As the emergency spillway came into use it also partially failed as the earthen slope began to erode, which compromised the structural integrity of the emergency spillway wall and raised concerns of a catastrophic release.2 A rupture of the emergency spillway could release a 30-ft wall of water — a grave threat to downstream levies and residents. About 188,000 people were evacuated as a precaution.

The erosion and structural damage to the spillway led to the deployment of 800 personnel from the Department of Water Resources (DWR) in emergency response teams to clean up the more than 1.7 million cubic yards of debris and repair the damaged hillside. In March, the DWR estimated emergency response and recovery costs of $4.7 million a day. In April, the estimated repair cost for the spillways was announced, totaling more than $275 million.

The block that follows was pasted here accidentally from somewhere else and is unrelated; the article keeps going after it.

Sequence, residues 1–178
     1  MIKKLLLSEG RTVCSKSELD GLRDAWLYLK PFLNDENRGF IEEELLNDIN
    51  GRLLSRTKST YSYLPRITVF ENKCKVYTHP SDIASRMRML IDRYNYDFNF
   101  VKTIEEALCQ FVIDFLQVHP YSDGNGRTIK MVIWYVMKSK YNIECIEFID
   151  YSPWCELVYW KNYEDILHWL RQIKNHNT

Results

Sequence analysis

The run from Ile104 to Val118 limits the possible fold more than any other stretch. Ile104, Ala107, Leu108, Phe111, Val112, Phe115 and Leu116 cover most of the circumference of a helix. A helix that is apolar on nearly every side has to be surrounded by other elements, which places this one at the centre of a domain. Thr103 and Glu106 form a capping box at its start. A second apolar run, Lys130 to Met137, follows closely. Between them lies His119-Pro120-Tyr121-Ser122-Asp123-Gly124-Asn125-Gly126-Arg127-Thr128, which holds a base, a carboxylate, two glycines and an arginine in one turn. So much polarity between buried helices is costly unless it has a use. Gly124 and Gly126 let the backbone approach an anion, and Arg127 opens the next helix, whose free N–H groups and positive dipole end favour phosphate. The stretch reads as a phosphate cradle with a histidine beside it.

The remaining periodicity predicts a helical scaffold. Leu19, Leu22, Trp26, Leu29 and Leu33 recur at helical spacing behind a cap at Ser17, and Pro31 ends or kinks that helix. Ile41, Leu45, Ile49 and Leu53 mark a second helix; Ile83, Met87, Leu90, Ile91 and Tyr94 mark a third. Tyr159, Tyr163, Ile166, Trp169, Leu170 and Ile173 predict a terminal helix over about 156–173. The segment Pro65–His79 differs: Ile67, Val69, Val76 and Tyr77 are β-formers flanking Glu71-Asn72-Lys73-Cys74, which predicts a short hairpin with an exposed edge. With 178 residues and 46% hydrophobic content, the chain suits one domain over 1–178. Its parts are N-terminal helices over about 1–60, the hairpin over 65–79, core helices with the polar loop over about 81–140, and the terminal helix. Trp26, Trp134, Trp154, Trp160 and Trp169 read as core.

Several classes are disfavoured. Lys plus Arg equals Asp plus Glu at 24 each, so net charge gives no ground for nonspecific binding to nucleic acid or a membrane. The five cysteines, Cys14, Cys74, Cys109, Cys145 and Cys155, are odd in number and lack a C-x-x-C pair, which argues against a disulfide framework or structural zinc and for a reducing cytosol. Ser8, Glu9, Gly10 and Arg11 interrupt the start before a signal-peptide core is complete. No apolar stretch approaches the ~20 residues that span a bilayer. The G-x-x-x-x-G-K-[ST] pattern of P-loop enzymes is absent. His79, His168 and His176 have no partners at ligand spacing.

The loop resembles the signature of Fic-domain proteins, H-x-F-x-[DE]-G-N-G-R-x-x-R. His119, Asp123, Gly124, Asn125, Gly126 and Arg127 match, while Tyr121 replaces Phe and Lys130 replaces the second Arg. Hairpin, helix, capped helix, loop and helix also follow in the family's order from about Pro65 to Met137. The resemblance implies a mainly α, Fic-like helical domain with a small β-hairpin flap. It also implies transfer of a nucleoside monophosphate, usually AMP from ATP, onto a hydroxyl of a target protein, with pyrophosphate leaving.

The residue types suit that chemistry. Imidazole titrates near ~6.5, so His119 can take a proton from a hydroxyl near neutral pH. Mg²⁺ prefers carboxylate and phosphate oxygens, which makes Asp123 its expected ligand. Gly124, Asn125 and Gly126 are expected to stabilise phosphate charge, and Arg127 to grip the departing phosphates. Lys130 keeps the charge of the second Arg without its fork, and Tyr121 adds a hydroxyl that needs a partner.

What is Green Infrastructure?

Green infrastructure can mitigate the impact of future atmospheric rivers and extreme storms like the February 2017 Oroville event. Green infrastructure manages water through nature-based processes and ecological systems. It can be either natural (a wetland) or man-made (a park), and provides ecological, hydrological, and other benefits to society and ecosystems. Green infrastructure can also reduce and treat storm water both at the source and downstream in cities and streets. This is in contrast to grey infrastructure and conventional water management systems such as wastewater plants, buildings, pipes, drainage paths, or dams.

Source: Green Infrastructure Research group

Source: Green Infrastructure Research group

Green Infrastructure and the Sierra Nevada